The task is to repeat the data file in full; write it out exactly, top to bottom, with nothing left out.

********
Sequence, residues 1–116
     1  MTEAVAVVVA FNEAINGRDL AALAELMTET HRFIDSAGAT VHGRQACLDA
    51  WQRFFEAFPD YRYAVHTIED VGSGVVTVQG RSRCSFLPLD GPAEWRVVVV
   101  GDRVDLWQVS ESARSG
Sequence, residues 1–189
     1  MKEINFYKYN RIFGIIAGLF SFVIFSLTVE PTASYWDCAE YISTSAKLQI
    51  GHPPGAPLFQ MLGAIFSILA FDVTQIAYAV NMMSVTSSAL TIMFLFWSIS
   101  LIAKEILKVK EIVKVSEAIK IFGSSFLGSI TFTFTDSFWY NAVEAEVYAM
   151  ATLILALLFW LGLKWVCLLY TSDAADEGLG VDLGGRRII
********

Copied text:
Sequence, residues 1–116
     1  MTEAVAVVVA FNEAINGRDL AALAELMTET HRFIDSAGAT VHGRQACLDA
    51  WQRFFEAFPD YRYAVHTIED VGSGVVTVQG RSRCSFLPLD GPAEWRVVVV
   101  GDRVDLWQVS ESARSG
Sequence, residues 1–189
     1  MKEINFYKYN RIFGIIAGLF SFVIFSLTVE PTASYWDCAE YISTSAKLQI
    51  GHPPGAPLFQ MLGAIFSILA FDVTQIAYAV NMMSVTSSAL TIMFLFWSIS
   101  LIAKEILKVK EIVKVSEAIK IFGSSFLGSI TFTFTDSFWY NAVEAEVYAM
   151  ATLILALLFW LGLKWVCLLY TSDAADEGLG VDLGGRRII